General, Reference, Uncategorized

Ways of connecting new balls of yarn

Joining yarns is just part of knitting but holy heck there is a lot of options. Some options work better for different situations, so how to know which method to use? I know I was finding myself questioning which method to use when I was first starting out, so I decided to do up this reference of the different joining types and their uses.

NOTE: I have not included just starting with the new ball and then weaving in the ends after the fact. There are quite a few ways to weave in ends and I intend to tackle that in a future post.

 

Basic knot

It is exactly what you think it is. You simply knot the two yarns together… the end. You can either knot the new yarn to the end of your old yarn and then just continue on (which gives you little ability to control where the changeover happens), but the knot can be tied retroactively after you change balls (ie. just switch to the new yarn, leaving a tail of the old yarn and a tail from the new yarn that you later on knot together).

Pros:

  • fast
  • easy
  • quite secure (as long as you don’t accidentally tie a slip knot)

Cons

  • still need to weave in ends
  • oftentimes visible
  • oftentimes noticeable when wearing (ie. can feel the knot in the sock)
  • if you tie the knot incorrectly you could create a slip knot that is decidedly NOT secure.

Spit Splice (aka. Felted Splice)

For feltable yarns you can felt the end of the old yarn to the start of the new yarn. Get the ends wet (either with water or with your spit) and then rub them vigorously together until they felt together. You divide up the plies and intertwine the two yarns to help secure it better before you spit splice it. Need to make sure you do a proper job of felting them together in order to have a solid join.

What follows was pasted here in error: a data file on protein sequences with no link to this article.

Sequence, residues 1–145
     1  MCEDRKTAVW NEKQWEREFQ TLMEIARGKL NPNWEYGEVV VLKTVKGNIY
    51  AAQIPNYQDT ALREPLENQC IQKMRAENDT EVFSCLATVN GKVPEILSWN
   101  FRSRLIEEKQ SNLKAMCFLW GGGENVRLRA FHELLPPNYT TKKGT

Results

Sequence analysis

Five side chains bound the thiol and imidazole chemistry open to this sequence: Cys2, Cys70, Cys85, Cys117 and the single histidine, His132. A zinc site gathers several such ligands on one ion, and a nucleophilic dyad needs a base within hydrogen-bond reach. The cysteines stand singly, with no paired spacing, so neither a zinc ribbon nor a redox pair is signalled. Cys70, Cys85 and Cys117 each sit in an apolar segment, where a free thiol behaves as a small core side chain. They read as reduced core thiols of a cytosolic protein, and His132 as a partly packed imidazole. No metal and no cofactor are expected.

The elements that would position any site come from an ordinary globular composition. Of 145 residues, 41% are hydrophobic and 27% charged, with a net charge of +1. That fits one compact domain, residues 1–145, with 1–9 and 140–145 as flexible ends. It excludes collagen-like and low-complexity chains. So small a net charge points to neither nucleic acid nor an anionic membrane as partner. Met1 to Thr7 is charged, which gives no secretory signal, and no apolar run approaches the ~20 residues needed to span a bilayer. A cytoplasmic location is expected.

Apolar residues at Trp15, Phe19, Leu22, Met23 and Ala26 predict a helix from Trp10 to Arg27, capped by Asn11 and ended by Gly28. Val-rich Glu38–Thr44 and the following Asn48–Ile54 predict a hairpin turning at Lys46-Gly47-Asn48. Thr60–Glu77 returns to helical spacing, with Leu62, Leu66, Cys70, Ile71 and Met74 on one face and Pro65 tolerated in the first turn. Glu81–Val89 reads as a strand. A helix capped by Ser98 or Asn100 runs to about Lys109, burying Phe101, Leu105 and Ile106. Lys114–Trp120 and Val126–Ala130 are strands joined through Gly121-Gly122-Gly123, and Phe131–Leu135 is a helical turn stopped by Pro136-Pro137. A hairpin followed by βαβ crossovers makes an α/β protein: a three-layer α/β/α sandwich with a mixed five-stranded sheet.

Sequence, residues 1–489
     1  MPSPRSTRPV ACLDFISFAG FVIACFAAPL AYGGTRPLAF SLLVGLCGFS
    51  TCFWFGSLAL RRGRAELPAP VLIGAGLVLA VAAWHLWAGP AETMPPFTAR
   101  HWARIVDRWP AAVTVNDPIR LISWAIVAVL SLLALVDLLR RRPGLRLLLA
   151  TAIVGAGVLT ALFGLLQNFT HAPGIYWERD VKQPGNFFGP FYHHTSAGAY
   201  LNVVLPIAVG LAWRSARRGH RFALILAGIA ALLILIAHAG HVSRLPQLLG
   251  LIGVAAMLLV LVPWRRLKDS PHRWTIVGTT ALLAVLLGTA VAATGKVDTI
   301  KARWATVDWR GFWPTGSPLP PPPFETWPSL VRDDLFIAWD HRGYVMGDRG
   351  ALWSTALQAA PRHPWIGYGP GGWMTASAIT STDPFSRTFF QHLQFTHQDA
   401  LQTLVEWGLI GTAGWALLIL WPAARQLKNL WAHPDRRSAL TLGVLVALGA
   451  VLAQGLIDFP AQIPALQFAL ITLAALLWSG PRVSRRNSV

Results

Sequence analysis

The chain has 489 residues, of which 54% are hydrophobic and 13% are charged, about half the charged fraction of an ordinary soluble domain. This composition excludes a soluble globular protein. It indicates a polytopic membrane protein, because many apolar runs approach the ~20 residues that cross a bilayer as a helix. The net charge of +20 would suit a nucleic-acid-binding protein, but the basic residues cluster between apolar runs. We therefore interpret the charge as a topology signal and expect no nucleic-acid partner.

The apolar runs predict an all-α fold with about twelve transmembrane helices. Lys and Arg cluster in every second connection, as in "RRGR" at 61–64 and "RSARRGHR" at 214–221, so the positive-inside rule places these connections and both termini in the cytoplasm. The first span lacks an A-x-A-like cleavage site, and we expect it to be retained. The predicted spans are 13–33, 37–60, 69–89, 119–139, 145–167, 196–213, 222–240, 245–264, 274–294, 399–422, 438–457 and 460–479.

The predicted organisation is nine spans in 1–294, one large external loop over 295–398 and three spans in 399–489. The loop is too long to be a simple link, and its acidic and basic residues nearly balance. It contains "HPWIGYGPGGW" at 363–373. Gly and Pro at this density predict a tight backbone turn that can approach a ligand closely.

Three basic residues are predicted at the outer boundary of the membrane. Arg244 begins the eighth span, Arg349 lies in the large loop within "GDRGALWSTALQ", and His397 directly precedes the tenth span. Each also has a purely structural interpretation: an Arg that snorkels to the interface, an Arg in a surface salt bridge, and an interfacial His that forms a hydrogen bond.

Here is a video demonstrating this join.

Pros:

  • quite secure if you do it right
  • no ends to weave in
  • invisible
  • no bump
  • great for same colour transitions.

Cons:

  • only works with feltable yarns
  • Takes a bit of time
  • can be a big problem if it isn’t felted enough and fails.
  • No slack to use to reattach/knot if it fails
  • potentially kind of gross if you use your spit as the name suggests (but you can just use water)
  • can be hard to control where the yarn changeover happens/not suitable for colour changes

Russian Join

Works best with plied yarns. Using a tapestry needle floss the yarn end into it with at least a few inches of tail. Making sure you maintain the open looped end, floss the needle back in to the yarn BETWEEN THE PLIES. Take the second yarn, bring it through the loop you created in the first yarn, and then bring it back into itself using the tapestry needle. There is a bit of added bulk where the yarn is flossed back into itself but it isn’t usually significant enough to be visible in the finished knit.

It can sound hard and fussy to do but it isn’t that hard. I think that to understand this method you need to see it being done, so check this video out. It very clearly shows exactly how the join is done.

Pros:

  • very secure
  • invisible
  • no bump
  • no ends to weave in

Cons: